High school English teacher Monte Syrie had an unusual response when he noticed one of his students sleeping during his class — he let her be.
Syrie recently explained his reasoning in a now-viral tweet, which was a powerful lesson in both empathy and looking at the bigger picture.
“Meg fell asleep in class yesterday,” Syrie wrote. “I let her. I didn’t take it personally.”
That alone is a strong sentiment and one that may raise some eyebrows, but as Syrie explains in his tweet, he is in charge of what happens in his classroom — and is keenly aware of what is going on in his students’ lives.
In this case, Syrie knew that his student Meg had “zero-hour math, farm-girl chores, state-qualifying 4×400 fatigue, adolescent angst, and various other things to deal with.” He wrote that he knows that his class is “only a part of her life, not her life.”
Syrie teaches at Cheney High School in Spokane, Washington. He tells Babble that he believes in choosing “empathy and compassion” when it comes to his students.
“They are human,” he explains, “and that is how I see and treat them, and as a fellow human who has benefited from the grace and compassion of others, I am compelled to treat kids — the very best human beings — as such.”
In his tweet, Syrie admitted that his student Meg “didn’t use her time wisely in class.”
“She didn’t get her essay turned in,” he noted. “She knew that. I knew that, but I didn’t beat her up about it. Didn’t have to. She emailed it to me last night at 9 p.m. On her own.”
Syrie wrote that he knows that his student made a mistake and that letting kids sleep in class falls “outside the boundaries,” but that he believes in looking at the bigger picture. While allowing that this should not become routine, he suggested “that we sometimes trust our instincts, even if it goes against the grain, maybe especially if it goes against the grain.”
“I am not always convinced ‘the grain’ best considers kids,” he added.
He makes a profound and valuable point. I remember being exhausted in high school. In fact, I fell asleep with my head on my desk on more than one occasion, and yet I was a good student.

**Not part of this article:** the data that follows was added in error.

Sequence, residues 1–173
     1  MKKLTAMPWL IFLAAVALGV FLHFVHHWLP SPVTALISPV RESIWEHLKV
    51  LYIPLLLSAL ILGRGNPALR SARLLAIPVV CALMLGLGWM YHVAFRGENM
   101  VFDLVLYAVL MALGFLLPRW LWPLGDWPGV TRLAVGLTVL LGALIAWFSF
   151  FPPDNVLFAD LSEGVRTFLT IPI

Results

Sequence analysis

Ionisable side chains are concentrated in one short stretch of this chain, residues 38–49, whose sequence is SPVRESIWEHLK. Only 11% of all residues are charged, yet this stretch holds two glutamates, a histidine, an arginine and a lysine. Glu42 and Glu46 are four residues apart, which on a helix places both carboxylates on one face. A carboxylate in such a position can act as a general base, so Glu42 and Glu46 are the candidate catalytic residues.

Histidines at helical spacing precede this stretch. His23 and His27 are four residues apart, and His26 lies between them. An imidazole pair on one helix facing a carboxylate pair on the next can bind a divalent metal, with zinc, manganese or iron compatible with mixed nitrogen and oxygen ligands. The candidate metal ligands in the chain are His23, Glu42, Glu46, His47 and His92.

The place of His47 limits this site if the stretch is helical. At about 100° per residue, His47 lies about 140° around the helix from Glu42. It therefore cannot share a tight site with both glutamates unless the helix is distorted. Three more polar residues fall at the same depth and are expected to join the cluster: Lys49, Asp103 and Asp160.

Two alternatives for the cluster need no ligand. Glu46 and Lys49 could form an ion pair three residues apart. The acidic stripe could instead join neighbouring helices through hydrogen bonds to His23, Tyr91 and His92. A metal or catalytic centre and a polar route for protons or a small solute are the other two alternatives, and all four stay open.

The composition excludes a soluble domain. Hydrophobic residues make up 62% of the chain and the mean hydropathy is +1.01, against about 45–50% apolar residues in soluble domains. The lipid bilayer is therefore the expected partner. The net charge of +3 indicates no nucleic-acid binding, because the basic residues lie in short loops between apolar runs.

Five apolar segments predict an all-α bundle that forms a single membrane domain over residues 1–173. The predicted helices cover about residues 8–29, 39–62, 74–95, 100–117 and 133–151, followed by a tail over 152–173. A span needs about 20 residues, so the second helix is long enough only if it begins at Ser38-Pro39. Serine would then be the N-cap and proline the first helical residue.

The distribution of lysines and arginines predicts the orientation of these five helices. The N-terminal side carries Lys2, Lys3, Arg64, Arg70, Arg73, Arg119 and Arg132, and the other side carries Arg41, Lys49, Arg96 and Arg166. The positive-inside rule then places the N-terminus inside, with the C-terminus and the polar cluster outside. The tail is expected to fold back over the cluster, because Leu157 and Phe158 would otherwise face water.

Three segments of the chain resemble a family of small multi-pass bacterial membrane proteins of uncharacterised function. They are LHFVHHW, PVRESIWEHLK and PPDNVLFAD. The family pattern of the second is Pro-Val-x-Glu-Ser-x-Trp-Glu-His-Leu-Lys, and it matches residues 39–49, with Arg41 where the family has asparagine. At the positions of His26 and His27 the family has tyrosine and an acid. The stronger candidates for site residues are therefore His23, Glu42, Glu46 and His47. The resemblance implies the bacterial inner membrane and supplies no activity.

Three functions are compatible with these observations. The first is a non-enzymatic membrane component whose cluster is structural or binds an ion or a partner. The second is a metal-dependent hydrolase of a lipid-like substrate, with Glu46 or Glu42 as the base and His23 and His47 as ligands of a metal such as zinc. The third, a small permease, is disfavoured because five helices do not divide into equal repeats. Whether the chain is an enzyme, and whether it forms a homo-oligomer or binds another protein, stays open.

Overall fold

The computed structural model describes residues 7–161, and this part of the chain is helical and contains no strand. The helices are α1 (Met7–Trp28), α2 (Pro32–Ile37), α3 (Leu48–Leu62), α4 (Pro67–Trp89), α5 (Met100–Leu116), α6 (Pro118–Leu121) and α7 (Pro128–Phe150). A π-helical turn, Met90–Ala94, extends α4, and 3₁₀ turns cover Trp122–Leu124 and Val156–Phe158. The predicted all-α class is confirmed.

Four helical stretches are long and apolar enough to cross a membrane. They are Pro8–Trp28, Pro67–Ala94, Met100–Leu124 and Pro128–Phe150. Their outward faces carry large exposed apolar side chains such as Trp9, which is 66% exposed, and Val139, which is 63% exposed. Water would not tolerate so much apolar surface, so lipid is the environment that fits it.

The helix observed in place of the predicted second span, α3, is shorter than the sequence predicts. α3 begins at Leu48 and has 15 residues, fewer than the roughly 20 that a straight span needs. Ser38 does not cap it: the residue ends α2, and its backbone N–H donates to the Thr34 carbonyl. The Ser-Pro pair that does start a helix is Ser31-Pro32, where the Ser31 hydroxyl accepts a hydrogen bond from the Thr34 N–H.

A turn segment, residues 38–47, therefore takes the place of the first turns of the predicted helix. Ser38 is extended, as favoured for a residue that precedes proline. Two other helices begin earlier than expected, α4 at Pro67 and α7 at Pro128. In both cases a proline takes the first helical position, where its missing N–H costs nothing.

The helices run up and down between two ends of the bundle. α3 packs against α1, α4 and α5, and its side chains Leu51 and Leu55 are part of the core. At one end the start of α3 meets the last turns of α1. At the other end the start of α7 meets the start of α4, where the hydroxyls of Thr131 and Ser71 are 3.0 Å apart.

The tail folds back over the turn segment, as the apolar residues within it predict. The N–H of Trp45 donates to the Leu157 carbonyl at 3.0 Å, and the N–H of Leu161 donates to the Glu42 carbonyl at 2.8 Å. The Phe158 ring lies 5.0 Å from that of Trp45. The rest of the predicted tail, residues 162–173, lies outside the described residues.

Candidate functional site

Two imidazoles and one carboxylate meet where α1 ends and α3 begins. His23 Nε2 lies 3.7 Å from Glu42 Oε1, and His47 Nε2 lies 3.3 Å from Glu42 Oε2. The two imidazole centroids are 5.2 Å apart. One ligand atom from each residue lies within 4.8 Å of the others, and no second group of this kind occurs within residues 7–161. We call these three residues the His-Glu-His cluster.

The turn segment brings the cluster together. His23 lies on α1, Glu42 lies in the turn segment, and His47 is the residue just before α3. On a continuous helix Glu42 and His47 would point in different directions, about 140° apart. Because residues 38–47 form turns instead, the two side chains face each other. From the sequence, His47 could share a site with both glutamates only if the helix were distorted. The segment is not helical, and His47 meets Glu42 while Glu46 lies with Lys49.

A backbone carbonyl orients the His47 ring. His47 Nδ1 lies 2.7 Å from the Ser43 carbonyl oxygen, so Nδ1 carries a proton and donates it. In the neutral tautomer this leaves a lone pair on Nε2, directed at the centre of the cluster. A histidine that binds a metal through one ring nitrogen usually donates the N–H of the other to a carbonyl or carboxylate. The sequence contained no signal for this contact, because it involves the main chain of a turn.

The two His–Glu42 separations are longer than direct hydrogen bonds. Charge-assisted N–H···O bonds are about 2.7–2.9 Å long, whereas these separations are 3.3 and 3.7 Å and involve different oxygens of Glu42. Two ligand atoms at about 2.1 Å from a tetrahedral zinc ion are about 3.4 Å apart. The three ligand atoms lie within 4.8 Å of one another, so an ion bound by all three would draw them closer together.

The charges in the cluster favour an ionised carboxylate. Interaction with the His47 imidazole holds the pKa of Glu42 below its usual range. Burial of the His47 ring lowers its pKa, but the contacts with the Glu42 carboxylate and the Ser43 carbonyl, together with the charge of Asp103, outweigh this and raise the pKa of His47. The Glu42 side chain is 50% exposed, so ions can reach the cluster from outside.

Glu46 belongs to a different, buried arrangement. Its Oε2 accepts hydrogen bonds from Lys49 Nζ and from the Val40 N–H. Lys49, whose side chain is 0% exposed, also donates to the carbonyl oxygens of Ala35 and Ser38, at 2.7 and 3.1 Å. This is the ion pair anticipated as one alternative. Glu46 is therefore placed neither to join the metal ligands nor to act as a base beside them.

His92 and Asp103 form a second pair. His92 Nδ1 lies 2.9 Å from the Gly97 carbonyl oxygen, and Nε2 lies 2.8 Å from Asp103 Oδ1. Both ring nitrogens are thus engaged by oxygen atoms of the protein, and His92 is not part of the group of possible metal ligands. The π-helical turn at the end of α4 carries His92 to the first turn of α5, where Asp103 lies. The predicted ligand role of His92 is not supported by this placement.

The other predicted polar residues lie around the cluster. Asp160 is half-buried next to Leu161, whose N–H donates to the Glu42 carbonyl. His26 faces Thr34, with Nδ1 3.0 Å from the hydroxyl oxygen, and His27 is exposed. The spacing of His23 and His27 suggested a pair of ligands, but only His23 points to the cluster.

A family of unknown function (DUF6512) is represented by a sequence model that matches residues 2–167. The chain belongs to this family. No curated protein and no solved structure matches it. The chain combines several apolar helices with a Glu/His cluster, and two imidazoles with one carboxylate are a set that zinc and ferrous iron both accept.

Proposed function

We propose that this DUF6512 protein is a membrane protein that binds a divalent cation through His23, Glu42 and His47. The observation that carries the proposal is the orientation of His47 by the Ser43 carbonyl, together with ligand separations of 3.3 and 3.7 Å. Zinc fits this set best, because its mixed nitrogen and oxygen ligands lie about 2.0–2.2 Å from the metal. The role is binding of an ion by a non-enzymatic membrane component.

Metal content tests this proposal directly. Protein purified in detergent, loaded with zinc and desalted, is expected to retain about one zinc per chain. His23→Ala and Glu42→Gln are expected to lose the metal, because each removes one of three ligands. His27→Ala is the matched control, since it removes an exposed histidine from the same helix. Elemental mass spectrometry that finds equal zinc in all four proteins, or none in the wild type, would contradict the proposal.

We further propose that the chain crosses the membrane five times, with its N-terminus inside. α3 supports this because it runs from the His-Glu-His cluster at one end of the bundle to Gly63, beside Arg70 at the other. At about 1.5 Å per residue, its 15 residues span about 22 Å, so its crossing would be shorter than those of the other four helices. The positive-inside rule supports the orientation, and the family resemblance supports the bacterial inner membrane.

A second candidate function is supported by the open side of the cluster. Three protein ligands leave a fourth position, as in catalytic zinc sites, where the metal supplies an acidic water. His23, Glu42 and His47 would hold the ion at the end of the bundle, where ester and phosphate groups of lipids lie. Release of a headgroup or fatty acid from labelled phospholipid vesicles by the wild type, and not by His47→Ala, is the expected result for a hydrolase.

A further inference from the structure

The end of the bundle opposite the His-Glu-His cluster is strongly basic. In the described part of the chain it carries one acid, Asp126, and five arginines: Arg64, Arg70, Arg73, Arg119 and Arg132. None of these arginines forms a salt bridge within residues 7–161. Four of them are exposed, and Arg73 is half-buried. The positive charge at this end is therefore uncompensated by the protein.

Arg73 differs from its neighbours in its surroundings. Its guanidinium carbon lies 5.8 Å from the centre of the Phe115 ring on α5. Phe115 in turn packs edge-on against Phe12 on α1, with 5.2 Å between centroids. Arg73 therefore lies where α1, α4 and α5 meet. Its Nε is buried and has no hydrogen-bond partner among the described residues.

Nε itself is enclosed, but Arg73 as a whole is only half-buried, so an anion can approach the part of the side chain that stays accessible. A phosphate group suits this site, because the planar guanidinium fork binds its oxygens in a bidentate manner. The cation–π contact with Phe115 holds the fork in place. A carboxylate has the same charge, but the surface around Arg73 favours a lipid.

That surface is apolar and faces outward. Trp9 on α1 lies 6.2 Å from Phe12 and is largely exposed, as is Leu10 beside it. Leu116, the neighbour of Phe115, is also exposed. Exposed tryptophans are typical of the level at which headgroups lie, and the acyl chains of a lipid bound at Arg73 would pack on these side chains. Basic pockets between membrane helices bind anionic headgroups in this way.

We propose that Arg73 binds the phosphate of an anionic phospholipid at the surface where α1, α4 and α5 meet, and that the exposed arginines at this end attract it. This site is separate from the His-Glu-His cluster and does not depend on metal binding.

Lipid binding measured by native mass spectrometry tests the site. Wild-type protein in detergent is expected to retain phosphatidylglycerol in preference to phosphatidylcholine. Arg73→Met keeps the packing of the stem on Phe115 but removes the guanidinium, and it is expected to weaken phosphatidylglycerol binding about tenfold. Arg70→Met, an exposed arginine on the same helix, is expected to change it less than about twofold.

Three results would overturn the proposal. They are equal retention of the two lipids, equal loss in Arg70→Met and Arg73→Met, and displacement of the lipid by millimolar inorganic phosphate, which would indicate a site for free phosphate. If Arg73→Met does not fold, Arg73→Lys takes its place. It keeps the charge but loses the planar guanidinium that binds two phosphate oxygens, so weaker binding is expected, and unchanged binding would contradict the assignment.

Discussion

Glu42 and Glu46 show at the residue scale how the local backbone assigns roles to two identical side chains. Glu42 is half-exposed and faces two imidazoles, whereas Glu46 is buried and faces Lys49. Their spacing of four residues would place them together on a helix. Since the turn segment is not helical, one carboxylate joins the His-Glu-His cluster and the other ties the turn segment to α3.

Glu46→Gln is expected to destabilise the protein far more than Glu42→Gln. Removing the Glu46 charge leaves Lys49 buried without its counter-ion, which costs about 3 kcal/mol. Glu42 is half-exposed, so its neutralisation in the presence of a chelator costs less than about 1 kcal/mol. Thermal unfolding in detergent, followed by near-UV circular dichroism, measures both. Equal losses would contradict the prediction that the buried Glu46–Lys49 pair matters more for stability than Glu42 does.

Teens today are facing even more pressures than when I attended high school, and yet many are not getting adequate sleep.
The National Sleep Foundation recommends that teens get 8-10 hours of sleep each night to function best, but notes that “one study found that only 15% reported sleeping 8 1/2 hours on school nights.”
Syrie is helping his students where he can.
“I can’t control the world outside,” he explained in his tweet. “I can’t offer Meg a math class later in the day. I cannot feed her horses (many horses) in the morning or evening. I cannot run 6 race-pace 300’s for her. I cannot spirit away her teen trouble. But I can give her a break. She was not being rude or disrespectful yesterday when she nodded off. She was tired. So I gave her a break.”
How refreshing! We can all use a break sometimes, and what really matters is that Syrie genuinely cares for his students. He’s not only concerned that they meet some mark, but also considers their well-being.
Syrie tells Babble that he wants people to know that this is really not about Meg (who is obviously accomplishing a lot at her young age).
“It could have been any of my students,” he says. “I was moved by a moment with Meg, but it was never about Meg. It’s about kids. It’s about education. It’s about teachers. It’s about choosing empathy and compassion. It’s about choosing humanity, and that’s why I shared the story. And for Meg’s sake, I want people to understand that.”
As a mother, I would be grateful to have an educator like Syrie looking after my kids. He is not only teaching curriculum, but life lessons as well. By choosing empathy, he is gaining the trust of his students which will better help them to learn and grow.